With the chaos of getting everyone into the restaurant, ordering, eating, and paying for the meal, Keith and I were a tad stressed. The next step was to maneuver these three octogenarians and our little man back home.
As soon as we stepped outside the restaurant doors, it poured. Holding tight to Tyler, we trailed Auntie Rena, who seemed entirely baffled by the raindrops. Half under her breath she mumbled, “Oh my, oh my, look at this, I’m getting wet!” She tried to avoid the raindrops by vigorously swirling her arms around trying to push them away.
Meanwhile, my father raced past Auntie Rena so he could be first to the car. Now, annoyed that he had to wait, he leaned against the car. Keith tried to catch up to Dad after paying the check. When Keith finally reached the van, he could not get the door open fast enough for Dad. As he struggled to step off what seemed to be a Mount Everest-sized curb, he held onto the mirror, which folded in toward the car, and he almost fell down. After regaining his balance, he huffed and puffed while complaining about the still-locked door. Pulling up the rear was my mother. That day I forgot the walker; she only had her extra cane and my left arm. However, the hand of my shared left arm also firmly held Tyler, who desperately tried to escape the grandma grip. Unfortunately, I could not use my other hand to grasp Tyler because I use my right hand to hold onto my white cane.
Slowly shuffling toward our parking space, I attempted to prevent two canes and three humans from becoming a tangled fivesome. Tyler, Mom, both canes and I finally made it to the van. After doing a quick Mom hand-off to Keith, I ran around the van with Tyler, helped Dad climb into the middle row behind the driver, and still never let go of Tyler’s slippery hand. In the meantime, Auntie Rena pulled herself onto the middle row of the van, stared out the window, and did this pretend whistling thing she does prior to having a seizure. After a second, she pushed the button to open the door, and jumped out and into the van many times. At some point, Keith told her to stay inside the van. As she tried to climb in, she pulled the handle, and the door began to close. Frantically, I sprang over Dad and pushed the button to re-open it, as Auntie Rena yelled at the door, “Hey, hey, now you just stop that!”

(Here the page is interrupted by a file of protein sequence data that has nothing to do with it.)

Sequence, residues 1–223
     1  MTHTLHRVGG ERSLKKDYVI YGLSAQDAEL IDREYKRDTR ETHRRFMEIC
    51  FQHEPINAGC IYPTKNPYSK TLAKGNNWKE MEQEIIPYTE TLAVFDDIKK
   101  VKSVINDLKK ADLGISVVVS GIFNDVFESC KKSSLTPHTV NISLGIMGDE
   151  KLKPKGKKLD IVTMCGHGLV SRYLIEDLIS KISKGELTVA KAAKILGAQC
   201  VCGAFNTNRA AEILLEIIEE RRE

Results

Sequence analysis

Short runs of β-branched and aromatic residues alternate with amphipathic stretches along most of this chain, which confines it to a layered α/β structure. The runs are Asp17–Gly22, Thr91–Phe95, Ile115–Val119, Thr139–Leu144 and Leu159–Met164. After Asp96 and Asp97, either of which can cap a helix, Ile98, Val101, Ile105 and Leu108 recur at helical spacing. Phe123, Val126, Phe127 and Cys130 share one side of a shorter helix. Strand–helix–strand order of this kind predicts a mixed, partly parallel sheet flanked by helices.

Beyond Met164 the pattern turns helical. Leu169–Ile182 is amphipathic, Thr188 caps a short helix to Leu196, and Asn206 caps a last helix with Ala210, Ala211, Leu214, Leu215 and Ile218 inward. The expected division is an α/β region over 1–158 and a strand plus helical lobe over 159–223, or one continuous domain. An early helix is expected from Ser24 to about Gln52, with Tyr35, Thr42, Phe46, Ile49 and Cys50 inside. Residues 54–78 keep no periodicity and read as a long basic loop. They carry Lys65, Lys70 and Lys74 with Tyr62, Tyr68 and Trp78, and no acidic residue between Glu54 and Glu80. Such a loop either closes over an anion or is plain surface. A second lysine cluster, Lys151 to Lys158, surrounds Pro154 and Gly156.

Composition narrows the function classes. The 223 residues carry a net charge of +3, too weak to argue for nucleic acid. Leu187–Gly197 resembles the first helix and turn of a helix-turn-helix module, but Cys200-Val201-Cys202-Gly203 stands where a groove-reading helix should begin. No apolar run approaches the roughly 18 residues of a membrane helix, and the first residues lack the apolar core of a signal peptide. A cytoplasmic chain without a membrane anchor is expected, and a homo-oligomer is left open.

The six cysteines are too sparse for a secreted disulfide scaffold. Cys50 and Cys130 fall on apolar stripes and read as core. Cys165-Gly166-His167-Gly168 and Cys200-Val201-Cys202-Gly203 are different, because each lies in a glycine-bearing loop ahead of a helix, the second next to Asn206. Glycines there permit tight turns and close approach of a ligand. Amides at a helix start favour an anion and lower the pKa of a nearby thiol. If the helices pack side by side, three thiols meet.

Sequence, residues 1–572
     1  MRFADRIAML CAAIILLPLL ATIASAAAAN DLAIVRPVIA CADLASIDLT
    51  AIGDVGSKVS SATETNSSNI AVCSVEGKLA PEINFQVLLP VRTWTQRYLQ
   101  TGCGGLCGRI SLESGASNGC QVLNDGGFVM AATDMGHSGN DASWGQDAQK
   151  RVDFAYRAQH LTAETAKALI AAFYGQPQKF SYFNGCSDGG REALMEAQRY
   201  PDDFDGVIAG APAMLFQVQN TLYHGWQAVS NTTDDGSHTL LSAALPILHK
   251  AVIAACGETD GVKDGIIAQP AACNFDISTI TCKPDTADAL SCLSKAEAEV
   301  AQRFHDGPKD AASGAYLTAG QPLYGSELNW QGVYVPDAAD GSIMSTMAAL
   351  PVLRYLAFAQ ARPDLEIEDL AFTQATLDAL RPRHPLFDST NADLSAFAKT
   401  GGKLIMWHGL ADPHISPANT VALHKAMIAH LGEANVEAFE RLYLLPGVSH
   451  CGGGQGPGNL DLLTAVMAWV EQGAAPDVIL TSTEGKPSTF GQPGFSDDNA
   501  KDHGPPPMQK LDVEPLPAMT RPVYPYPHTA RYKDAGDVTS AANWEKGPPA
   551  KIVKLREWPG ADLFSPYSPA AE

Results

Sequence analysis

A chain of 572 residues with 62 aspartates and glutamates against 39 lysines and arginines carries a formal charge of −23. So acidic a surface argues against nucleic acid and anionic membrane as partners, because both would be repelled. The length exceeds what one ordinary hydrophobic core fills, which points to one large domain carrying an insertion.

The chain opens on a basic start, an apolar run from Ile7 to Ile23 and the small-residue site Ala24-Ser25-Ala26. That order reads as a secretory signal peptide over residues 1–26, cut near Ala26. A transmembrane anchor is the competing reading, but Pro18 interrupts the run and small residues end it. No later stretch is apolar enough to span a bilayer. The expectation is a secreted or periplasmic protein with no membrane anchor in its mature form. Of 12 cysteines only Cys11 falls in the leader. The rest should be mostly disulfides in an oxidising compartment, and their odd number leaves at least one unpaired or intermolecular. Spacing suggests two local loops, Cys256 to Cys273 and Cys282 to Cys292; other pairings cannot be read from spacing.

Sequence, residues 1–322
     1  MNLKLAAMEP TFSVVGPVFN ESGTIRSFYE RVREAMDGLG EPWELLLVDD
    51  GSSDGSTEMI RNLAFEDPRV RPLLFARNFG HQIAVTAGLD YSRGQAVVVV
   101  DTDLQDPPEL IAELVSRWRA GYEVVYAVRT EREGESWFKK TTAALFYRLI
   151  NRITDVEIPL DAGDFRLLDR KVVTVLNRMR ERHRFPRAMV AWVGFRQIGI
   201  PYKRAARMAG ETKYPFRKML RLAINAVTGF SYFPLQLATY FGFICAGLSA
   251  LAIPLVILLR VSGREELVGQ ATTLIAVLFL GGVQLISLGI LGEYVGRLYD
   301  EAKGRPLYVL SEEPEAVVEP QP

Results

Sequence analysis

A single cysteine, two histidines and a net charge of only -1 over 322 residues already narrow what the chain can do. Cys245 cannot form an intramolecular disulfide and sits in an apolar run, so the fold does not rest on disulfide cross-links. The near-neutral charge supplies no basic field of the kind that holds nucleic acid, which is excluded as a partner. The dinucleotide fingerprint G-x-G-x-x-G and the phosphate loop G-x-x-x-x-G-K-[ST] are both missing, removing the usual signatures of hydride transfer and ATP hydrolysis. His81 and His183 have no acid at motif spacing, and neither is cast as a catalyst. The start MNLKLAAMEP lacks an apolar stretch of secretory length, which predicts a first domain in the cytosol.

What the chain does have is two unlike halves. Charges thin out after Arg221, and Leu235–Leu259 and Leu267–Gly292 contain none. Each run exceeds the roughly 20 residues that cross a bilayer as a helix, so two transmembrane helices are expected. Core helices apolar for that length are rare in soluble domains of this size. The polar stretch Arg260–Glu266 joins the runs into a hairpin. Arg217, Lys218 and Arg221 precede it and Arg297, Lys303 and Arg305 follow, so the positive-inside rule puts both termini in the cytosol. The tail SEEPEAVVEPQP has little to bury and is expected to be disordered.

Amidst all the commotion, as my mother partially climbed onto the front seat, she gasped for breath. Keith, with his feet solidly planted, gave a heave-ho and pushed Mom onto the front seat. With half her body still hanging out of the car, he lifted her right leg, squeezed her bottom onto the seat and slammed the door. Now Keith and I did a quick Tyler handoff, and Keith carried him to the back of the van. Since Tyler could not pass these three exhausted elderly obstacles to get a seat, the only entry was through the back hatch. As Keith lifted it and prepared to slide Tyler and his car seat in from the rear of the van, Auntie Rena began coming out of a seizure. Quickly, Keith shoved the car seat onto the back third row and plopped Tyler into the van.
Because Auntie Rena was always intimidated by Dad, she decided to move as far away from him as possible. In a flash, she crawled to the third back row alongside the car seat and proceeded to fasten her seat belt. At the same time, of course, she sat on Tyler’s belt, which Keith needed to lock in the car seat. Keith struggled as he stretched over the trunk space and back seat to unfasten Auntie Rena’s belt and free the other seat belt. After finding the other strap, he clicked in the car seat, placed Tyler in his chair, locked his belt, slammed the hatch, dropped into the driver’s seat, sat back, and just stared ahead. No one moved or said a word as we all waited for Keith to begin driving. Still motionless with closed eyes and his head pressed against the headrest, I wondered if he fell asleep.
Surprisingly, even Tyler did not utter one single word. So, with our family securely strapped in, Keith shook his head and robotically began chauffeuring our tired family home. Wasn’t this our fun day of “taking them out?”
Still silent, Tyler looked around from one elderly person to another and methodically analyzed the past 30 minutes, from exiting the IHOP until now. In a still abnormally quiet car, Tyler looked around at this elderly entourage, and with a smile finally announced his brilliant deduction. “Grandma, do you know why it’s REALLY good to be five or even six years old?” Curiously, I responded, “No, little man, I don’t! Tell grandma why.” Looking down at his legs, he firmly patted his thighs with both hands and proudly answered, “Because my legs are good, and I can walk!”
So — to take out or not to take out, that was definitely the question. So, what is our answer? After analyzing those five fun-filled hours, Keith and I decided the next time we choose to do a take-out day, it will be the traditional way: pick up the food and peacefully bring it home to the family!